Cleveland Guardians making memories, good and bad, at Target Field: Week in Baseball

MINNEAPOLIS – Ballparks hold memories not just for the home team but the opposition as well.

When Carlos Santana played for the Indians, he loved to hit at Target Field. He’s hit 17 of his 260 career homers there, all but one coming in a Cleveland uniform, to make it his second favorite visinting home-run ballpark.

In Terry Francona’s first year as Cleveland’s manager in 2013, the Indians surprisingly clinched a wild card spot at Target Field on the final day of the season. They ended the season on a 10-game winning streak and needed every one of those wins to qualify.

After the game Francona, amidst the spray of champagne and beer, said Danny Salazar would pitch the wild card game against Tampa Bay. At that time Salazar was a phenom, regularly hitting 100 mph. He went on to make the All-Star team in 2016, but injuries stole his electricity. His last year in Cleveland and the big leagues ended quietly in 2019. On Thursday, however, he signed a minor-league deal with the Yankees.

Michael Brantley probably does not have great memories of Target Field. During the 2011 season, he had to leave a game there because of heat stroke. Manager Manny Acta was forced to play second baseman Luis Valbuena in left field and it cost the Indians a couple of games.

Four years later Brantley, back at Target Field, dove for a ball in the left-center gap. He landed hard on his right shoulder. The injury nearly ended Brantley’s career. Brantley missed most of the next two seasons, undergoing numerous surgeries, before making a full comeback in 2018.

The comparison with Josh Naylor is easy to make. Naylor, playing right field on June 27, collided with second baseman Ernie Clement in pusuit of a short fly ball at Target Field. He suffered a fractured right leg and ankle.

The injury not only ended Naylor’s season, but threatened his career. He has made a remarkable comeback this season, but was unavailable for this weekend’s series after testing positive for COVID-19. Naylor would never say so, but maybe it’s for the best.

The Cleveland organization has found itself in a unique situation at least twice during series at Target Field with COVID being the driving force in each.

During the COVID season of 2020, when MLB reduced the season to 60 games, the Indians came to Minneapolis in August just after the start of the season. But there had been a COVID outbreak during the previous series and the clubhouse staff in the visitor’s locker room at Target Field was in quarantine.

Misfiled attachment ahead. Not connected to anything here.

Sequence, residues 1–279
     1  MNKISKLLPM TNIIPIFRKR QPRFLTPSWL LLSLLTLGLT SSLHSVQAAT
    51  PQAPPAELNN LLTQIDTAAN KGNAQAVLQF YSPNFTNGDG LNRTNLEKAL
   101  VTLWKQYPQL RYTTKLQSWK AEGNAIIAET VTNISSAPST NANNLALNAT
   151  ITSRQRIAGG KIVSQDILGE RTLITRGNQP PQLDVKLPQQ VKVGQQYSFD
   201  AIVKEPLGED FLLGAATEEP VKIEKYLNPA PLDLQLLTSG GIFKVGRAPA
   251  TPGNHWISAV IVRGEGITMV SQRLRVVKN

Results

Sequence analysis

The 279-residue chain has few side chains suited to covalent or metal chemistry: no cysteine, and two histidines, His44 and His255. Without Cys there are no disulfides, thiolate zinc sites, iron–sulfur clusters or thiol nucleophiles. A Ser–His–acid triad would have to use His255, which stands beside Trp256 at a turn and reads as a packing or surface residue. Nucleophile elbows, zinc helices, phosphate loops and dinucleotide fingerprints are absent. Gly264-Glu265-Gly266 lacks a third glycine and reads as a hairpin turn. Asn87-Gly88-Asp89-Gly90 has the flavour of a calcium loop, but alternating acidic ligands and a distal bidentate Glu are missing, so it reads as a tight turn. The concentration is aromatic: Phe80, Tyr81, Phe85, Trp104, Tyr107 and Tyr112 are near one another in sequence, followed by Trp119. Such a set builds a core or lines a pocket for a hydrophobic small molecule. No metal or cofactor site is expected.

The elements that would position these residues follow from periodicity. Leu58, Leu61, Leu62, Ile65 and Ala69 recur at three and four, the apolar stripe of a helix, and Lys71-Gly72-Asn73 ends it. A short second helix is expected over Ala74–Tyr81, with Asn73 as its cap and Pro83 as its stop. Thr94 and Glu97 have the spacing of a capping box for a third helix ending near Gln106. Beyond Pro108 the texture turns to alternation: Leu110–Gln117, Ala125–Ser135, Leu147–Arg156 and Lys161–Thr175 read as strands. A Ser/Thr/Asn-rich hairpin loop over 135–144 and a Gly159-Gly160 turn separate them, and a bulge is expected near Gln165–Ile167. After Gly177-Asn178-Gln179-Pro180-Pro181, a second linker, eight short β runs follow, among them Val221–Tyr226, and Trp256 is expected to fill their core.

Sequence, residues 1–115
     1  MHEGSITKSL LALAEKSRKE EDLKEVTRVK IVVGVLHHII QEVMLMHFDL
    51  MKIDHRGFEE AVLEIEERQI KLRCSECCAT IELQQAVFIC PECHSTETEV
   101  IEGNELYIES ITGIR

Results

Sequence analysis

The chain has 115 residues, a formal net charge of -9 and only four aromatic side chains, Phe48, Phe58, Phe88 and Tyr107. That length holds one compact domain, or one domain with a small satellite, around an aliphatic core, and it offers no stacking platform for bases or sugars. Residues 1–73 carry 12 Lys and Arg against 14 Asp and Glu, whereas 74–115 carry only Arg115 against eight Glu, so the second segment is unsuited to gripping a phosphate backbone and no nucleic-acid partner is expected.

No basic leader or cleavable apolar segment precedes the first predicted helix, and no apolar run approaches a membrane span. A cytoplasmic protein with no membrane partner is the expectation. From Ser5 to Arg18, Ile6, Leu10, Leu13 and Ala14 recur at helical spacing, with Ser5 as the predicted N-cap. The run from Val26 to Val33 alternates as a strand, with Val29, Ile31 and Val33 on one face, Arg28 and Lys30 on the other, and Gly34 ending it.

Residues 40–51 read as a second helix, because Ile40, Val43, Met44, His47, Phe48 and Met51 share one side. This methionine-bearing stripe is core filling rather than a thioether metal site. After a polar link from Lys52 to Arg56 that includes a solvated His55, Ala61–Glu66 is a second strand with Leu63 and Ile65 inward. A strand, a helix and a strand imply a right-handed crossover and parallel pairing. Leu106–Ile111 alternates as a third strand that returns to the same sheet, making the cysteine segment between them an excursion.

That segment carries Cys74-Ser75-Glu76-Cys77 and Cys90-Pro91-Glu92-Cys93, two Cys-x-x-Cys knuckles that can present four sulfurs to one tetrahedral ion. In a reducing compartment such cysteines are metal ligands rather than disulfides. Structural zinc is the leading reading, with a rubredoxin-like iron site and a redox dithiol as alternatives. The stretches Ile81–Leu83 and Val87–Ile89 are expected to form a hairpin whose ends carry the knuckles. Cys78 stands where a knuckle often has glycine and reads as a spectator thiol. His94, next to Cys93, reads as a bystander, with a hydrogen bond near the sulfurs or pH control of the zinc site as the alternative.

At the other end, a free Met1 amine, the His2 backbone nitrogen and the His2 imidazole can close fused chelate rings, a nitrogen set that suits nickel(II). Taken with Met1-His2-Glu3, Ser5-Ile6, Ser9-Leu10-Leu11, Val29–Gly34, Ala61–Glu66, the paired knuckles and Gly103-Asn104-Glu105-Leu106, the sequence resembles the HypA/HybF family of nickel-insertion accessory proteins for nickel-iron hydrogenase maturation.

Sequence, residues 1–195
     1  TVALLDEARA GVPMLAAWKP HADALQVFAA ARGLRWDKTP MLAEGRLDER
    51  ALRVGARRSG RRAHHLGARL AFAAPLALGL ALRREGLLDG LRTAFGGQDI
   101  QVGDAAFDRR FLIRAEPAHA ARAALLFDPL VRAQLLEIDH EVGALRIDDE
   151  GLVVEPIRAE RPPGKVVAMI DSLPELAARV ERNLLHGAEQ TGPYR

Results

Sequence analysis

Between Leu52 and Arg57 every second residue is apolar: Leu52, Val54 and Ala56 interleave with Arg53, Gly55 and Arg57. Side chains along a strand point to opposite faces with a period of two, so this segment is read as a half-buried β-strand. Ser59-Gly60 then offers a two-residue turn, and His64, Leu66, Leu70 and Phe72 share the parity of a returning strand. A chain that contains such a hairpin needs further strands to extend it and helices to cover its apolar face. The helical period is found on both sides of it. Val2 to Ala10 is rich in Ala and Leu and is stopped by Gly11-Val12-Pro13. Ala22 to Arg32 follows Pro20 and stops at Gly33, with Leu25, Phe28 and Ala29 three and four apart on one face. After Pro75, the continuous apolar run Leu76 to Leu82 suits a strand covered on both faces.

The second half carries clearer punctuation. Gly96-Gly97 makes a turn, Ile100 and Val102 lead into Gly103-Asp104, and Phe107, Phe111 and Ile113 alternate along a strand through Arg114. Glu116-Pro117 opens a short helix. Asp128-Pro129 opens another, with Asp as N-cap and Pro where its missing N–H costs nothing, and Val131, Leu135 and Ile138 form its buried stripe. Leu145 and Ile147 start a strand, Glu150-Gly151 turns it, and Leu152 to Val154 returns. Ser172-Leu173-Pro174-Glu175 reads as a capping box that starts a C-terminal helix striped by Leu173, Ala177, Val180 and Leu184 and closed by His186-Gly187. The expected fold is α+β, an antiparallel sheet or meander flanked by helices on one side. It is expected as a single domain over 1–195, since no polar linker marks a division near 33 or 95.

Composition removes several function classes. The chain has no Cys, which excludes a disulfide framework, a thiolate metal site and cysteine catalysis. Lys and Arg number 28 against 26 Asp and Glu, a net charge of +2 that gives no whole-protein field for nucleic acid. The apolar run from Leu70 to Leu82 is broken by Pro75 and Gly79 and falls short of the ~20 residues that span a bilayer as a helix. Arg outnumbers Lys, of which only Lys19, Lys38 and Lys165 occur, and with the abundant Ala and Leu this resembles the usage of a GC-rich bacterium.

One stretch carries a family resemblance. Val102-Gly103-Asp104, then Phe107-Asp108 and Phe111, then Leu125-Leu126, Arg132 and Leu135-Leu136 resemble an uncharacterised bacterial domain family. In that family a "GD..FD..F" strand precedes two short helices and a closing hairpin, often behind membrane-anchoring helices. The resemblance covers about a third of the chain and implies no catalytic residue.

Members of the Indians’ front office, including Chris Antonetti, president of baseball operations, served as the clubhouse staff. They cleaned spikes, batting helmets and catchers’ gear. They did laundry, stocked the dugout and kitchen and made sure the players were fed.

Tony Amato, Cleveland’s clubhouse manager, said at the time, “They were awesome. It was all hands on deck. ”

Two years later COVID still will not let go of the world population or baseball. Wednesday in Chicago, when the Guardians were preparing to play the White Sox, a COVID outbreak among their coach staff and traveling party caused the game to be postponed. Manager Terry Francona, bench coach DeMarlo Hale, first base coach Sandy Alomar, third base coach Mike Sarbaugh, hitting coach Chris Valaika, assistant pitching coach Joe Torres and hitting analyst Justin Toole tested positive and did not make the trip to Minneapolis. On Thursday, Naylor tested positive in Minneapolis.

Antonetti and the rest of the front office, instead of picking up wet towels and dirty uniforms, scrambled to replace a big league coaching staff, Naylor and assemble a taxi squad in case more players tested positive. Given Wednesday’s postponement and Thursday’s off-day, they had 48 hours to do it.

John McDonald, the Guardians’ minor-league field coordinator, was with the Lake County Captains in Eastlake when he got the call to replace Alomar as the first-base coach. McDonald played 16 years in the big leagues with eight teams as a utility infielder. He is used to making quick changes.

“What we usually talk about in our organization is that you have to stay ready, stay fluid because things happen and you never know where you’re going to be needed and how you can help the organization,” McDonald said.

McDonald said the organization’s main concern is the players.

“In talking to Tito, Sandy, Mike Sarbaugh and Carl Willis (acting manager), the guys who have helped us prepare for the next few days, the main thing is to try to make these games as seemless as possible for the players,” said McDonald. “What do they like to do? How do they do it? We want to make it easy on the players. ”

McDonald said he coaches some first base in spring training and in the minors when a staff members needs time.

“It keeps you fresh,” McDonald said. “It lets you see the game from a different perspective. The difference is it’s a major league game with a slightly different thought process with all the information we have. “

Shane Bieber will start Saturday night’s game against the Twins. He said the last three years have taught him to adjust. First there was COVID. Then the 60-game sprint. The 2021 season was back to 162 games, but when it ended, the lockout put the game in a deep freeze and shortened spring training.

Now COVID is back.

“It’s been different, for sure,” said Bieber. “But I feel like myself and my teammates have been saying that for the last few years. It’s something we’ve grown accustomed to the last few years, dealing with what the country and the world is dealing with.

“The last 48 hours have definitely been a whirlwind. A lot of question marks. We’re just trying to move on with the rest of the seaon. “

That this is happening again at Target Field can not be a coincidence, right?

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